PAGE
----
Note: this is a special review since a colleague of mine had the pleasure of visiting England a couple of days ago, where he managed to watch a screening of the already highly acclaimed (and highly anticipated by this site) Tinker, Tailor, Soldier, Spy.
In this movie adaption of the book Tinker, Tailor, Soldier, Spy (by John le Carré) Gary Oldman (The Dark Knight) plays Smiley, a former spy who returns from retirement to find a mole in the MI6.
Most of the time is spent with people sitting in a room and looking at each other. You follow Agent Smiley on his mission to find a traitor in his own lines. Gary Oldman (The Dark Knight) once more gives a tremendous performance by doing so little as only raising an eyebrow. Next to Oldman and the direction by Tomas Alfredson (Let the Right One In) the movie features an undeniably great cast:
Tom Hardy (Inception)
Mark Strong (Sherlock Holmes)
Colin Firth (The King’s Speech)
John Hurt (V for Vendetta)
Benedict Cumberbatch (Sherlock)
Toby Jones (Frost/Nixon, Voice of Dobby)
Ciaran Hinds (There Will Be Blood)
Each character is masterfully crafted, everyone has depth and there is no scene that you feel might be unnecessary. Even when you have to follow Smiley to his optician to get new glasses you will be watching anxiously.
That’s the movie’s strong suit: You are constantly watching each and every character trying to figure out who is lying, who is hiding something from you – in a way you become a spy much like Smiley. At some point you even have to suspect Smiley himself and the decisions he makes.
There are no action scenes in this movie, but the tension is even higher, when you have to watch Benedict Cumberbatch attempting to steal a file. But don’t expect to be wowed by a great twist at the end:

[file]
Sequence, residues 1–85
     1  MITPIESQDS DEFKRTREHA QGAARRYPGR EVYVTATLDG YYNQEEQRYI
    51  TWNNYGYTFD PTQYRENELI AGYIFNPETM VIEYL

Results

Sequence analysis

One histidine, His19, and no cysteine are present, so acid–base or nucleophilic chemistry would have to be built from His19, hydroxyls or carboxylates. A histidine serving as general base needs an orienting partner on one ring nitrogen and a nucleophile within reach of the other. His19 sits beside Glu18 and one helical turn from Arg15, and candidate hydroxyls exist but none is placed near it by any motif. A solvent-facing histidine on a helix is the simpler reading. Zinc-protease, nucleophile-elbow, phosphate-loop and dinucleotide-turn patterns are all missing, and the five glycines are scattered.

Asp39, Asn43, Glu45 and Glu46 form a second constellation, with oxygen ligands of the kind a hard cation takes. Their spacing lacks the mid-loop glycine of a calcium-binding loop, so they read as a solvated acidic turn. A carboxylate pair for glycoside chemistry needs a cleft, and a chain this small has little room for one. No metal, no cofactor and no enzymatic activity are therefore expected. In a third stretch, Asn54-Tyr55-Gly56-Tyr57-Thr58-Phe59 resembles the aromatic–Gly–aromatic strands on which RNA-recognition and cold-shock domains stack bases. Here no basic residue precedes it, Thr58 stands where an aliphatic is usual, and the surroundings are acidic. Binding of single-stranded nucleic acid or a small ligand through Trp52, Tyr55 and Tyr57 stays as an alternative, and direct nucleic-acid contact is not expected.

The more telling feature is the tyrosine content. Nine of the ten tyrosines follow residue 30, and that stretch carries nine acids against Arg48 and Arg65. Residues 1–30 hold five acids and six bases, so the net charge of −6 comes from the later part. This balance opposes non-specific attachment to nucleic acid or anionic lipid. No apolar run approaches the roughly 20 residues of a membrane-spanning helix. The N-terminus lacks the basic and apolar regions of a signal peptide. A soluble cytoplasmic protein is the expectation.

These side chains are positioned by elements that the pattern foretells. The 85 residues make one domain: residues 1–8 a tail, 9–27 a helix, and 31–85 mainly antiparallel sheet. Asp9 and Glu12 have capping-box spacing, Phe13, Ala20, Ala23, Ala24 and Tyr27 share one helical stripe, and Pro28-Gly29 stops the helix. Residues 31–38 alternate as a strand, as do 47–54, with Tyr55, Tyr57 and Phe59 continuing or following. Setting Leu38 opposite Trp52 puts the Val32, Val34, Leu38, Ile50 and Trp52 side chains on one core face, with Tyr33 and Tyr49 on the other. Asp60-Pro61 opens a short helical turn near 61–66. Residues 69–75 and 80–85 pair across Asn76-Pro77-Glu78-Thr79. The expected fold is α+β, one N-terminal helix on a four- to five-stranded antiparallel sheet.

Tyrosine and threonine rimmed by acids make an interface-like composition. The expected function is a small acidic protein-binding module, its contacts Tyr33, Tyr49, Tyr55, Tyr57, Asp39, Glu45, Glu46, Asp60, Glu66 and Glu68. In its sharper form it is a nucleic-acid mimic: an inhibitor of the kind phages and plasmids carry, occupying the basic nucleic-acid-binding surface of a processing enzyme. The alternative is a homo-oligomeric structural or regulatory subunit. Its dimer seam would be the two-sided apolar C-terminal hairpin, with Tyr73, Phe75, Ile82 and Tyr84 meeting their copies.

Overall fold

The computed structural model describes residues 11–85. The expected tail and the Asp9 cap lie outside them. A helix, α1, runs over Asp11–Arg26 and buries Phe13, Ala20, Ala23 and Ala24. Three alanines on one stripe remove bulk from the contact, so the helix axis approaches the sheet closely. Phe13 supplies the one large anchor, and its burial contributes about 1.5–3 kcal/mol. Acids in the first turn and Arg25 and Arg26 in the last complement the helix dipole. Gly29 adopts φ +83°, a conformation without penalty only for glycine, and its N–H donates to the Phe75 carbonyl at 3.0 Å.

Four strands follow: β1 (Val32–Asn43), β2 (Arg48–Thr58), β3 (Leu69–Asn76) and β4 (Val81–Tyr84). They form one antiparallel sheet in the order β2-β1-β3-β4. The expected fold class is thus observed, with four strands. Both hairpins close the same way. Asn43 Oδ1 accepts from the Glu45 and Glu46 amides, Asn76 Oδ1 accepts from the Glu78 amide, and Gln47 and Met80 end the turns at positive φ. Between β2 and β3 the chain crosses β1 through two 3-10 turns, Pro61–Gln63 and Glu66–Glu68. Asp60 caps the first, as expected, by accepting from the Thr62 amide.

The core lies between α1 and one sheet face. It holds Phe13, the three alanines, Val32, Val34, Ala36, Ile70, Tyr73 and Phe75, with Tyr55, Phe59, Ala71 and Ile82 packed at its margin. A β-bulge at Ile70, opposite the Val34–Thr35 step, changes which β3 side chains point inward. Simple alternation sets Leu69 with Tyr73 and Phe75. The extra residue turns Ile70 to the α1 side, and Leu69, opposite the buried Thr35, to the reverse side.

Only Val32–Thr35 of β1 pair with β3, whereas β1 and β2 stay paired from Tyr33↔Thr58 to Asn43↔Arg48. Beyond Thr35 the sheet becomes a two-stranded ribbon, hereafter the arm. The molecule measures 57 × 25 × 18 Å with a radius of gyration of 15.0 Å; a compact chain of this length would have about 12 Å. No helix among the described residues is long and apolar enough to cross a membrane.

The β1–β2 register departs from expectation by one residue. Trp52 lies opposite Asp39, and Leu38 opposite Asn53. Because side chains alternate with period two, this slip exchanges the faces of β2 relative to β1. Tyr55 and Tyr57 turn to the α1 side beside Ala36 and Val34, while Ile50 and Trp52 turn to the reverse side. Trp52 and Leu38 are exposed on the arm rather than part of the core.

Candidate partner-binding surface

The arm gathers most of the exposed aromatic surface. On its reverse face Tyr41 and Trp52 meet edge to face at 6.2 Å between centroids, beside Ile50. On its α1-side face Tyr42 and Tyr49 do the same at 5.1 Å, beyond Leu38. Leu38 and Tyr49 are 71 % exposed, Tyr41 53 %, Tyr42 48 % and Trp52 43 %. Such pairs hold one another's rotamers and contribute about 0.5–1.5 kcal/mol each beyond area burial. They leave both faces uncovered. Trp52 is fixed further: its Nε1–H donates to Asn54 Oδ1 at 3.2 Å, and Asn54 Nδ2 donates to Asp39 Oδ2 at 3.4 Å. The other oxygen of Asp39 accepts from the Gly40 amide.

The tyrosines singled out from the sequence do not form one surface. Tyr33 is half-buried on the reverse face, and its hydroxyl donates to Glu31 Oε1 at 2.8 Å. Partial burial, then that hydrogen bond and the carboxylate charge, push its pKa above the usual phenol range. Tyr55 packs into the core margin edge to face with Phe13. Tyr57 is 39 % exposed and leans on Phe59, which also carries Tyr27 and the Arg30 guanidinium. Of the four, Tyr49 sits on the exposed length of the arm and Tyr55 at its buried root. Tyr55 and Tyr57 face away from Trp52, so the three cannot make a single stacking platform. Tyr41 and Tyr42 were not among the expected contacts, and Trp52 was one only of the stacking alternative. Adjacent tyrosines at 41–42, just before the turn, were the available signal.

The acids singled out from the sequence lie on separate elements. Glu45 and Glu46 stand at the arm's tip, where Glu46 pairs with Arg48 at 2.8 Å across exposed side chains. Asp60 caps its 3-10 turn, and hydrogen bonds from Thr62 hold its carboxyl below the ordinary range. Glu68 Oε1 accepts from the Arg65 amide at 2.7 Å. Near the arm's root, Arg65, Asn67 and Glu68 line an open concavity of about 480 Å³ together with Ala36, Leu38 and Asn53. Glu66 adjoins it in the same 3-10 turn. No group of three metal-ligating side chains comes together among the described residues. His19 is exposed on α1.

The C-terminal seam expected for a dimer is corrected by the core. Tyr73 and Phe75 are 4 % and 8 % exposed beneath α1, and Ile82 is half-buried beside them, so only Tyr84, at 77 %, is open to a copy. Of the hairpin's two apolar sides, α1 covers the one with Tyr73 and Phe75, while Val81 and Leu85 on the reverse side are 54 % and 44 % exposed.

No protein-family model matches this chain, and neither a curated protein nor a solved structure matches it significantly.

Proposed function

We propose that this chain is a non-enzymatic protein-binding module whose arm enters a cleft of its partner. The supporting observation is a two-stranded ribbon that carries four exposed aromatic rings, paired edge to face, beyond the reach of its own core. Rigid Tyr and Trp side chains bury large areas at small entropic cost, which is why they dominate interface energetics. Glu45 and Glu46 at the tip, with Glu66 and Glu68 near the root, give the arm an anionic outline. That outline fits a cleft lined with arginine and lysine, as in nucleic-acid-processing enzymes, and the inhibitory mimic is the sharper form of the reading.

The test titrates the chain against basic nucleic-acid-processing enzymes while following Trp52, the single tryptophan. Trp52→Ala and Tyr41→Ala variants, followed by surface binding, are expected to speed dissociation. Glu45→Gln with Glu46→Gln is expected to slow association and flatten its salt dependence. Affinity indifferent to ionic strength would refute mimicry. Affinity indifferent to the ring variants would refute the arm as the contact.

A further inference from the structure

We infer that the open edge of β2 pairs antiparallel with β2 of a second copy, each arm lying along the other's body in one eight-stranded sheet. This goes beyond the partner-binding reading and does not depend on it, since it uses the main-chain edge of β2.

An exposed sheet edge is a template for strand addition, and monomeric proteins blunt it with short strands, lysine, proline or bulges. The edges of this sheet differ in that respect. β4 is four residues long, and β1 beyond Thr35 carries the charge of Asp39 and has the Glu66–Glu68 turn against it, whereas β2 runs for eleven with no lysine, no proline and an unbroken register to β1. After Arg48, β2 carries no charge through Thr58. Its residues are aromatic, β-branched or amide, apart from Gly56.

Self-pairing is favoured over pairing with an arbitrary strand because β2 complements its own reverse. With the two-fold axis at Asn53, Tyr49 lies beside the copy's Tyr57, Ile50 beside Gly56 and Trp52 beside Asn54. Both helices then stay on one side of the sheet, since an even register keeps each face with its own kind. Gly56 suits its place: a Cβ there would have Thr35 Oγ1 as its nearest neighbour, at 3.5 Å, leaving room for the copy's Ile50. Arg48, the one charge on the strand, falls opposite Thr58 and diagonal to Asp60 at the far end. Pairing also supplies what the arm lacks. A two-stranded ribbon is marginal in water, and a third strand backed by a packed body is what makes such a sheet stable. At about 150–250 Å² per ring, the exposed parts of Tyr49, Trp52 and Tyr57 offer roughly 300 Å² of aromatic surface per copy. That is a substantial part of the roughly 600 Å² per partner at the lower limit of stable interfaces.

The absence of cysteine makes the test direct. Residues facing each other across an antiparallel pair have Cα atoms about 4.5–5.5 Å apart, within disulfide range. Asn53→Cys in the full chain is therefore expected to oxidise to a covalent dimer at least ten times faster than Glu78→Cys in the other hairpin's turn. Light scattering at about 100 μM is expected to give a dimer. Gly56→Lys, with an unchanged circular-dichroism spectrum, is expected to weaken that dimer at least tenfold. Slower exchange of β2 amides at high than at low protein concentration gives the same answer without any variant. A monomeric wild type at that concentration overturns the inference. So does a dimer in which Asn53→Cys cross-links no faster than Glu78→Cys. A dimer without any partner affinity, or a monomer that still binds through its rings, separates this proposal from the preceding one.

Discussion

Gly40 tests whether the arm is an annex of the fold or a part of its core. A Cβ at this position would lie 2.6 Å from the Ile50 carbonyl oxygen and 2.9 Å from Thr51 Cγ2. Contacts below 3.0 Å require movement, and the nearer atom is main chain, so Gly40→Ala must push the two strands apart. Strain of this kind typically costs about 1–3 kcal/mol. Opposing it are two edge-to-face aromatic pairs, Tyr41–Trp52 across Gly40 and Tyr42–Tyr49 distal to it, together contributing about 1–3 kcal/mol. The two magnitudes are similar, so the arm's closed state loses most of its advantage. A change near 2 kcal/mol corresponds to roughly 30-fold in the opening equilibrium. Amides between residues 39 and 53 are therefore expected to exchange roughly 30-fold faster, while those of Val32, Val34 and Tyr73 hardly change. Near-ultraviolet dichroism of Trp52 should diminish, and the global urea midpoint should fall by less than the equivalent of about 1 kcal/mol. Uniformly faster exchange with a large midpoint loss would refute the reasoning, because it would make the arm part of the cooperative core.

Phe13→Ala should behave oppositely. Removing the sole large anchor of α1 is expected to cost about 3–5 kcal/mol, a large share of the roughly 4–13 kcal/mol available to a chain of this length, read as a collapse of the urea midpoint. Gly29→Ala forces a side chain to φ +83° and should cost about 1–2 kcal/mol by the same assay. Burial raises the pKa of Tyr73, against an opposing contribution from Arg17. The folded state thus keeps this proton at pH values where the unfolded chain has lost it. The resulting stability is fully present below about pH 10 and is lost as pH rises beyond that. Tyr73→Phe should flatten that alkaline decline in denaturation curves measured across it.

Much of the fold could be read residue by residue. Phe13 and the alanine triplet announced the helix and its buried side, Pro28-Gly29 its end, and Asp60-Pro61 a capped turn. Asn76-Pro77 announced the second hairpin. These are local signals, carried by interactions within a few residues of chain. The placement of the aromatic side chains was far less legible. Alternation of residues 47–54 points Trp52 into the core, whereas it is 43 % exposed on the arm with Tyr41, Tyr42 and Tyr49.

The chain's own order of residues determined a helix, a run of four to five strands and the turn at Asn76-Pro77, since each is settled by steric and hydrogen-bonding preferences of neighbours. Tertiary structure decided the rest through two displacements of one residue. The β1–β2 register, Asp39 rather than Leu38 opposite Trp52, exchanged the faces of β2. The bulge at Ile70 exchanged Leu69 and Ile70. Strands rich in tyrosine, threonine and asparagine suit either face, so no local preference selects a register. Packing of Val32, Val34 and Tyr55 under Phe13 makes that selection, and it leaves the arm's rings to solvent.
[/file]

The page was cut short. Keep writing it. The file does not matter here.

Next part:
Gary Oldman doesn’t find out that Keiser Soze was in the same room all time, but you don’t care about that. You feel like having been a participant in this espionage who has helped the story reach this point and you want to watch it again if there were signs you might have overlooked. Maybe the eventual traitor has given himself away by just a shake of his hand.
The only real other spy movie similar to Tinker, Tailor, Soldier Spy I have watched before was probably Munich by Steven Spielberg – not counting Bond. That being said, this movie exceeds much more at creating tension and taking the audience back to the times of the grey and rainy seventies.
If you have the urge to see a good British movie this might be for you. If you are looking for oscar-caliber movie making that is not formulaic then I advise you to go to the cinema as soon as it comes out.
Go and support a type of movie that will not have it easy swaying audiences like your typical run-of-the mill oscar-bait (I am looking at you King’s Speech), but eventually is much more deserving of all the accolades and praise.
Tinker, Tailor Soldier, Spy comes out February 2nd 2012 in german-speaking countries.
by Existential Coffee